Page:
3 Things to Know About the Safe Operation of Fuel Dispenser Filters with Biofuels

Photograph: PetroClear

The motor fuel supply continues to expand to include more biofuels.

Almost every convenience store sells gasoline containing 10% ethanol (E10) and many are considering expansion of their fuel offering to include fuels containing 15% ethanol (E15). According to the U.S. Energy Administration, biodiesel was second to fuel ethanol as the most produced and consumed biofuel in the U.S. in 2020.

Taking care to ensure that all fueling system equipment can reliably perform under the conditions presented in a biofuel environment is important for safety, environmental responsibility and customer satisfaction. With that in mind, here are three things every convenience store retailer should know about the reliability of their fuel dispenser filters.

Visit PetroClear at Booth 6616 at the 2022 NACS Show

To learn how fueling operations can benefit from PetroClear’s UL-recognized fuel dispenser filters, please visit PetroClear at Booth 6616 during the 2022 PEI Convention at the NACS Show expo Oct. 2-4 in Las Vegas, or set up a time to talk with PetroClear Sales Director Bob Ingham at robert.ingham@champlabs.com.

  1. Just because certain fueling system components are not regulated by the EPA doesn’t mean they aren’t regulated altogether.

The U.S. Environmental Protection Agency only regulates fueling equipment that is at ground level or above. As such, the agency does not stipulate requirements for dispensers or the components inside them. However, the EPA reminds fuel site operators that although dispensers are not part of the underground storage tank (UST) system, they face the same compatibility concerns as UST equipment. In addition, the EPA reports that compatibility requirements for dispensers and related components may exist in other local regulations, such as fire codes. The EPA recommends that fuel site operators check with their implementing agencies for such requirements.

  1. Biofuel compatibility is becoming an increasingly important consideration for all fueling system components, including fuel dispenser filters.

Fuels blended with biofuels in certain concentrations (as represented by the percentage of ethanol or biodiesel contained in the blended fuel) have been shown to be more aggressive toward some materials used in a fueling system. For instance, the EPA reports that incompatibility between equipment or components has been observed in “tanks, piping or gaskets and seals that have become brittle, elongated, thinner or swollen when compared with their as-installed conditions.” Fuel dispenser filters contain gaskets that need to withstand the properties of the fuel being pumped through the system.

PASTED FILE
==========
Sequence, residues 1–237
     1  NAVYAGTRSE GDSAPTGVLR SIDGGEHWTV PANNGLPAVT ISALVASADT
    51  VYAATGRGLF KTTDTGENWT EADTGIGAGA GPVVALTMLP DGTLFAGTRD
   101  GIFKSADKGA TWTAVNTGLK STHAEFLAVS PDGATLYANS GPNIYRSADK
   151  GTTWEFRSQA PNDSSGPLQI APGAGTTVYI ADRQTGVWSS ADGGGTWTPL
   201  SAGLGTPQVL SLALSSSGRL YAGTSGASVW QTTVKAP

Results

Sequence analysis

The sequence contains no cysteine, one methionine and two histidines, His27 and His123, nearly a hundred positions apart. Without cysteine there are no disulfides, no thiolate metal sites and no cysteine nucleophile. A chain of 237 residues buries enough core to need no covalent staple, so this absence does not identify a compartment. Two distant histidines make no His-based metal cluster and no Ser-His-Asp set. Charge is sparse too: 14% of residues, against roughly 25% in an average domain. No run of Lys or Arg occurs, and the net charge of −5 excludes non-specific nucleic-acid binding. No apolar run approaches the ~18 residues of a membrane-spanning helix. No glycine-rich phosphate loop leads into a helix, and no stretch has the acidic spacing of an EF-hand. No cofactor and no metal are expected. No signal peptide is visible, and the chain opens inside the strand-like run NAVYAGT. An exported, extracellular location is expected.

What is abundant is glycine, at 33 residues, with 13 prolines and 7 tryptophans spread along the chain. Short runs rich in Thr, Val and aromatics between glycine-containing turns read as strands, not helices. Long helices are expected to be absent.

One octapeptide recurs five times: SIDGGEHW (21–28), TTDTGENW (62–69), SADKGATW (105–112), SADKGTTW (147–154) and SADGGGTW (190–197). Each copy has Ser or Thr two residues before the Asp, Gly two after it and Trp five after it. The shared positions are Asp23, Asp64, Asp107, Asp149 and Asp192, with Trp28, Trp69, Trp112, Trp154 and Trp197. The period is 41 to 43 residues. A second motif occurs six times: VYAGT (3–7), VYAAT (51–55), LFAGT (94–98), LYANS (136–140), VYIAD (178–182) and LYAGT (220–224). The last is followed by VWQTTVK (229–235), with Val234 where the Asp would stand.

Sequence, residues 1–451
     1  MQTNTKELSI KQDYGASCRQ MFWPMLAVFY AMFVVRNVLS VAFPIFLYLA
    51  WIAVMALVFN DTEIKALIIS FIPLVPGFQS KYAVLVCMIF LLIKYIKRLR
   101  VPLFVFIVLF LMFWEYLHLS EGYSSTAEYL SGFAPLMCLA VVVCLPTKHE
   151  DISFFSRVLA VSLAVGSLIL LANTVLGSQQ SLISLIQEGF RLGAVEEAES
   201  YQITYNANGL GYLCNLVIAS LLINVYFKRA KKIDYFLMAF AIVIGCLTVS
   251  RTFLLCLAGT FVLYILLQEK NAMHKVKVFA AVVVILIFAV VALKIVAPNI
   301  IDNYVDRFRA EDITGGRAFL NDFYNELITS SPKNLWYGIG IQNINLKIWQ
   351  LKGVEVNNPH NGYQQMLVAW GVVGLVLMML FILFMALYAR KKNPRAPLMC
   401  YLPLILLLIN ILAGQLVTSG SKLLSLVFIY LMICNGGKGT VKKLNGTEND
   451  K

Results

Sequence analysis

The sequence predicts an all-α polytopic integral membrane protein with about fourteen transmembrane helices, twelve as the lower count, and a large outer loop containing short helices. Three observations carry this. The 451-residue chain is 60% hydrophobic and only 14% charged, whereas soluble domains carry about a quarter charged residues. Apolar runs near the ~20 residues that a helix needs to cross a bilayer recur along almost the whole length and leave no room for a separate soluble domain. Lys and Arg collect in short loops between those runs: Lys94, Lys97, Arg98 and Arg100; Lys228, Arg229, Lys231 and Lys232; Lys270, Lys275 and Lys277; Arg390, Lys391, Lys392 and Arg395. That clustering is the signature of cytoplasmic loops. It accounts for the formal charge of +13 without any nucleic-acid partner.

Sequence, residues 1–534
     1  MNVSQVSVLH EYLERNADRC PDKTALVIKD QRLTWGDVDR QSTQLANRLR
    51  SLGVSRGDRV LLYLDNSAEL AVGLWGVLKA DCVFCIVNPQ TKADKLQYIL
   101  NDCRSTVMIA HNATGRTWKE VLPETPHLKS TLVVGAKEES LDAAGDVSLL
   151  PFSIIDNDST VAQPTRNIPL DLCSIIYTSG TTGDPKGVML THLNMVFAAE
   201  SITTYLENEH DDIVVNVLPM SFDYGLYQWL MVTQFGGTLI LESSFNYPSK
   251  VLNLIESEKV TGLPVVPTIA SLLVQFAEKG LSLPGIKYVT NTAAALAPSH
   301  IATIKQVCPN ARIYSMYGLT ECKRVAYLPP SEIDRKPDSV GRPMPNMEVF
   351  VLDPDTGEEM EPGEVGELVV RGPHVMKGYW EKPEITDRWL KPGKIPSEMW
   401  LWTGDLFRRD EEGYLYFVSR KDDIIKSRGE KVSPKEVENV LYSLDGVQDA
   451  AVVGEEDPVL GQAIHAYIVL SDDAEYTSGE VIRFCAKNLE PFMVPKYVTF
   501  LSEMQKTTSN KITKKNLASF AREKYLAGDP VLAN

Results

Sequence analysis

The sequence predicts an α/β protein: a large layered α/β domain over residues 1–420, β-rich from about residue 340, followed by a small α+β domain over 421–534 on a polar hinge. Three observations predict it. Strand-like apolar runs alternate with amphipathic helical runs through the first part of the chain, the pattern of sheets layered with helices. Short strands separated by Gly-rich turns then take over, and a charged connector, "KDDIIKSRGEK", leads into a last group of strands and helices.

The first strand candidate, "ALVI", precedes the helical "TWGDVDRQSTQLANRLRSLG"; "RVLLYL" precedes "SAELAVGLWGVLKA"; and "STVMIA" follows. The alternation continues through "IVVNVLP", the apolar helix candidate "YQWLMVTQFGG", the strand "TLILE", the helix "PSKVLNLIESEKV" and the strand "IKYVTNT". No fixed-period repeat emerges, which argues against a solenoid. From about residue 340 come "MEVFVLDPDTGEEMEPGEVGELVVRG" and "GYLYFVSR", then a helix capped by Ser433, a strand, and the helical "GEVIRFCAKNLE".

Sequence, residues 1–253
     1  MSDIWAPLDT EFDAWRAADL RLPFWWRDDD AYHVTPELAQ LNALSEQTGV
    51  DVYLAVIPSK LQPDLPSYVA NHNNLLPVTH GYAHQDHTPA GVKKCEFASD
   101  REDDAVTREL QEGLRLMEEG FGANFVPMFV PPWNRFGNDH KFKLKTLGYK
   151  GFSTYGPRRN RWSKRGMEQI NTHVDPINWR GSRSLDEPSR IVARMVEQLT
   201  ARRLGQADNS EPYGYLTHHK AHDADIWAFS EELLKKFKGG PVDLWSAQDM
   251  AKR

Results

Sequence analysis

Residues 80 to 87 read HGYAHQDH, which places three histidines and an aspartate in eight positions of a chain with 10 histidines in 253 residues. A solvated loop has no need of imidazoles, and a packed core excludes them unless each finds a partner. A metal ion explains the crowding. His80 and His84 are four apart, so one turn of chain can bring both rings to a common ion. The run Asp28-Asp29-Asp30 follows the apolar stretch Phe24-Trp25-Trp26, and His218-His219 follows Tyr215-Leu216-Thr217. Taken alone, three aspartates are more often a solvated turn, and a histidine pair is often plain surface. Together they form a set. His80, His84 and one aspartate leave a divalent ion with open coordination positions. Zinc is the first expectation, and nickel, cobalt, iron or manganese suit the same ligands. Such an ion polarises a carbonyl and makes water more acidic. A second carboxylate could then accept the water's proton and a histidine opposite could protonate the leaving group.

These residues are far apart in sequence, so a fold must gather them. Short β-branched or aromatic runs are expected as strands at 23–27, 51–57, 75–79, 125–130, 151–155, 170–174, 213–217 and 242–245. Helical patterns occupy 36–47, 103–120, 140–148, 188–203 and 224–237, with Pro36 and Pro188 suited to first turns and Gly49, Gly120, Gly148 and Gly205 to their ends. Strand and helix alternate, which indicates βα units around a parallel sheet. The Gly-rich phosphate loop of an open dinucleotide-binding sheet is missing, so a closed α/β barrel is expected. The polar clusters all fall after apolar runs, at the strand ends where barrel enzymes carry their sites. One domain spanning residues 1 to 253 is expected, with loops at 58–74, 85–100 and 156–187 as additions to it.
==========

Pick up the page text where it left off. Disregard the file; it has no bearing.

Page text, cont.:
1. Every filter in PetroClear’s line of retail fuel dispenser filters is constructed to meet high safety, compatibility and reliability standards.

PetroClear spin-on dispenser filters are recognized by UL Solutions as meeting U.S. and Canadian standards for component service. PetroClear fuel dispenser filters are recognized as safe to use with E0 to E85 (neat gasoline to ethanol blends containing up to 85% ethanol) and for B0 to B100 (standard petroleum-based diesel to pure biodiesel).

Additionally, metal end caps on the top and bottom of the filter media feature a thermo-setting adhesive that creates a seal to prevent the bypass of contaminated fuel. PetroClear fuel dispenser filters are designed with threaded cover backplate assemblies constructed of thick steel. Each backplate assembly includes a nitrile rubber gasket that is resilient to blended fuels. The filter’s backplate assembly is roll seamed to the shell of the filter, contributing to leakproof operation. Finally, the shell’s exterior is coated in a textured paint that helps reduce spills during filter changes.

PetroClear regularly includes information about fuel dispenser filter best practices and industry trends in its newsletter, The Petro Post. To subscribe, sign up here.

This post is sponsored by PetroClear